Interview conducted by Kal Kaur
Michel Durr, Analog & RF Imaging IC Design Program Manager talks to AZoNano about impulse radio ultra-wideband circuits for measuring distances within centimeters of accuracy.
BeSpoon, a fabless semiconductor company, and CEA-Leti, a French national research institute, have demonstrated an IR-UWB (impulse radio – ultra-wideband) integrated circuit able to measure distances within a few centimeters’ accuracy. They have established a world-record operating range at 880m (standard regulation) and 3,641m (emergency situations). Michel Durr – Analog, RF & Imaging IC Design Program Manager at Leti – discusses this successful collaboration.
KK - Please can you provide a brief introduction to CEA-Leti?
MD – CEA-Leti is focused on innovation and value creation through technology transfer to industry. We specialize in nanoelectronics, and micro- and nanotechnologies and their applications in wireless devices & systems, and biology & healthcare, as well as in microsensors, photonic devices, imagers and security solutions.
Leti operates 8,000m² of state-of-the-art cleanroom space on 200mm and 300mm wafer platforms. It employs 1,700 scientists and engineers, including 320 Ph.D. students and 200 assignees from partner companies. Leti owns more than 2,200 patent families.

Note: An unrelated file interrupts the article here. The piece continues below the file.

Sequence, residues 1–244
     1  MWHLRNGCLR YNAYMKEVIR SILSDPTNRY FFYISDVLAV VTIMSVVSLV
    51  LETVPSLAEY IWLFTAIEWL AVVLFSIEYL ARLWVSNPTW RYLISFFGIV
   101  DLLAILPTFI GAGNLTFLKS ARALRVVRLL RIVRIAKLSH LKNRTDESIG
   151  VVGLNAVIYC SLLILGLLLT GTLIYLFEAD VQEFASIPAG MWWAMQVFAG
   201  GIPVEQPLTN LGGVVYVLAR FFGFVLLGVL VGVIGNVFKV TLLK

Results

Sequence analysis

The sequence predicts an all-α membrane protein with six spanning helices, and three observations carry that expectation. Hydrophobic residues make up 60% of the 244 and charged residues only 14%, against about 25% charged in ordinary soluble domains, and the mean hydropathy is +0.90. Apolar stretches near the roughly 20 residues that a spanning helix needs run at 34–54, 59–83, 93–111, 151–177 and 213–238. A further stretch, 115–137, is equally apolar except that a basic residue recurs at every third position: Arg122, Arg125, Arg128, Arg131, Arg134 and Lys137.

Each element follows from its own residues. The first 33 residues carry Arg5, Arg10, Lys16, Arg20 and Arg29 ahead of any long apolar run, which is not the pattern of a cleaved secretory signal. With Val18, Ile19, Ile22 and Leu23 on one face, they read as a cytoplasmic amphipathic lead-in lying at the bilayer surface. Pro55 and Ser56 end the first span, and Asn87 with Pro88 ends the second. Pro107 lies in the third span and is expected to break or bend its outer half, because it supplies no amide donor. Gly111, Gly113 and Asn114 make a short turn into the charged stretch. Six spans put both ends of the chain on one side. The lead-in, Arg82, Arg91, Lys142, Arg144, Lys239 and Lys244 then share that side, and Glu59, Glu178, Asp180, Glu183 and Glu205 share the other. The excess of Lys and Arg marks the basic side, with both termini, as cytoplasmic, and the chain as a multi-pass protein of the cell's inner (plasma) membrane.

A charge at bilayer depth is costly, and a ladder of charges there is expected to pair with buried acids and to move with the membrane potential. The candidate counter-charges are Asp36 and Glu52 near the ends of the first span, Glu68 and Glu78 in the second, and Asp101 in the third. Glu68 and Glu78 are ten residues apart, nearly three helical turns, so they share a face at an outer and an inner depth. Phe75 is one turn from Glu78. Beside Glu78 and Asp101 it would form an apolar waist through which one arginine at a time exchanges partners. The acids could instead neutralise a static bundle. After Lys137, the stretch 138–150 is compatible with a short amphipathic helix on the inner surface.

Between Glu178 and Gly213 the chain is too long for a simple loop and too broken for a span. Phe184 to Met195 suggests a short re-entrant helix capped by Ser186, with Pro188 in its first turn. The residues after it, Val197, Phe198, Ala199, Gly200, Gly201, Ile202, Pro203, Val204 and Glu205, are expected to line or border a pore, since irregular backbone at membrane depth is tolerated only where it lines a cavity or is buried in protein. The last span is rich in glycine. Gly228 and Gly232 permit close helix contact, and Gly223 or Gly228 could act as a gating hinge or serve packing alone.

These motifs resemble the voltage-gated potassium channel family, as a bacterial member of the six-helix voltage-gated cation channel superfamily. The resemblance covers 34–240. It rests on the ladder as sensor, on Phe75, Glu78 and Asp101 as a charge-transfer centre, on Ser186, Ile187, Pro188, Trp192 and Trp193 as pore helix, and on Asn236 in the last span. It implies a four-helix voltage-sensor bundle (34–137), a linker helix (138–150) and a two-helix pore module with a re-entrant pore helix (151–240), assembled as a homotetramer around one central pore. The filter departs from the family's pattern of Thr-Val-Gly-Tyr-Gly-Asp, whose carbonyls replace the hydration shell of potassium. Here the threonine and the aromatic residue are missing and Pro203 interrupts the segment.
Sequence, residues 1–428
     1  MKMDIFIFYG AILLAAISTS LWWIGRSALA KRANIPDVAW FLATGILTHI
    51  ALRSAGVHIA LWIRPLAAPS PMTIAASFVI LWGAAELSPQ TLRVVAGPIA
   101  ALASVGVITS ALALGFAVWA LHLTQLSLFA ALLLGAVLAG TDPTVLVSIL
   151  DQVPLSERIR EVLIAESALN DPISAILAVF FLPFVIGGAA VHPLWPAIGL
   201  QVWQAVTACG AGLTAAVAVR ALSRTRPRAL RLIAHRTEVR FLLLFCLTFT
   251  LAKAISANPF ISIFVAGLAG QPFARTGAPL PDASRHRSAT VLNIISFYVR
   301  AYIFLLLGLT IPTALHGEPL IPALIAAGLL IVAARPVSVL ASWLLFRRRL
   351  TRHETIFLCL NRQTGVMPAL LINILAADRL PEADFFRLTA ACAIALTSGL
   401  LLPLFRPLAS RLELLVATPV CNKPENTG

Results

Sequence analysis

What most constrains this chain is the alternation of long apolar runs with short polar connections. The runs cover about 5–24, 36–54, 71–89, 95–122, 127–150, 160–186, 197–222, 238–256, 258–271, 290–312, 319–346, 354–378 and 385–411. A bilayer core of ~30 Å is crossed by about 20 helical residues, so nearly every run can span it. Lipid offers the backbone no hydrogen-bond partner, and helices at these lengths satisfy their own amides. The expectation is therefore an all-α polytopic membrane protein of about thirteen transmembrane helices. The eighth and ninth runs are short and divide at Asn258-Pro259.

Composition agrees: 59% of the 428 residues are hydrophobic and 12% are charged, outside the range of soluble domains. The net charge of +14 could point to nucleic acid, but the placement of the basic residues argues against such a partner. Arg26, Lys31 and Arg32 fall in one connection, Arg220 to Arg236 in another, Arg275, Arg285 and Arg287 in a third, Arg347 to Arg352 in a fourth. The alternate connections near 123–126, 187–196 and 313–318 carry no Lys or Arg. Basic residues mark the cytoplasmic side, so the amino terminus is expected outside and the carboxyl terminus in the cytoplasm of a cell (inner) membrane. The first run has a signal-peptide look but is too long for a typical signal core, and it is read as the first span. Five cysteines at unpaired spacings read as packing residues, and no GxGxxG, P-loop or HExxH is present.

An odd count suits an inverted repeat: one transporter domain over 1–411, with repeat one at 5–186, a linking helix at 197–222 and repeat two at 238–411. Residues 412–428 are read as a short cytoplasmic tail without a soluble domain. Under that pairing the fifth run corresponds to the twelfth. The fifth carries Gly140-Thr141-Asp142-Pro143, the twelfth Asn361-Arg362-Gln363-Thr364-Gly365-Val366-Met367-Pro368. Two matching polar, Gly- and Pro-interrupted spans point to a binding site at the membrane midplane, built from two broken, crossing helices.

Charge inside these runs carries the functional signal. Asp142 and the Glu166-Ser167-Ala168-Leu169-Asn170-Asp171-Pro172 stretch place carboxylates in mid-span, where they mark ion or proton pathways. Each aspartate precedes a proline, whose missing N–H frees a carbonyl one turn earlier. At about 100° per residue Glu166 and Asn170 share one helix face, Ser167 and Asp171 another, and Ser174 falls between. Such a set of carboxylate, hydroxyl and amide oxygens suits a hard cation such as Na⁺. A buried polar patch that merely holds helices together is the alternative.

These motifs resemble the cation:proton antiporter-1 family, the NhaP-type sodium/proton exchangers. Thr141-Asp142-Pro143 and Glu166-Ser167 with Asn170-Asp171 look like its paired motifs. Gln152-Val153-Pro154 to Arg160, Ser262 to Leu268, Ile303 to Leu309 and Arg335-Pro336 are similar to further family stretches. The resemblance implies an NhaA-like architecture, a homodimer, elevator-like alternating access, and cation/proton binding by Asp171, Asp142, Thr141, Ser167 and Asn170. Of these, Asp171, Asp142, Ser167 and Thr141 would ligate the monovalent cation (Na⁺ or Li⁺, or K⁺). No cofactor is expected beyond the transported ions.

The chip jointly designed by BeSpoon and Leti features a full-blown IR-UWB CMOS-integrated transceiver that is able to perform accurate distance measurements. The standalone chip (RF front-end and digital base band) is designed for a straightforward integration within embedded systems.
KK - What are the advantages of IR-UWB?
MD – The principle of operation is relatively simple even though developing this technology is quite challenging. This radio measures the time of flight of an ultra-wideband impulse signal with a precision of 125 picoseconds, allowing distance measurement with a high accuracy of a few centimeters. Because of the wide spectrum, this radio offers a strong robustness against fading signal due to walls or people passing by. This also allows localization in indoor environments, where other techniques would fail.
KK - What are the challenges to developing the technology?
MD – The difficulty is linked to the ability to design and control a chronometer that is accurate enough to allow a few centimeters’-range localization. And once it’s under control, you have to integrate this solution into a compact and low-cost chip. The BeSpoon/Leti solution is standalone; it integrates a highly sensitive UWB radio with the digital processing circuitry, around an innovative architecture.
KK - What are the potential applications of IR-UWB?
MD – The ability to track items or individuals within a few centimeters’ accuracy opens a broad range of potential applications in various domains like consumers, industry, health, etc., and ranging from everyday life to critical situations. For example, we might never lose our keys or our laptop battery charger, again. More significantly, the system also could be used to locate firemen inside a burning structure.
KK - What brought Leti and BeSpoon together for this collaboration?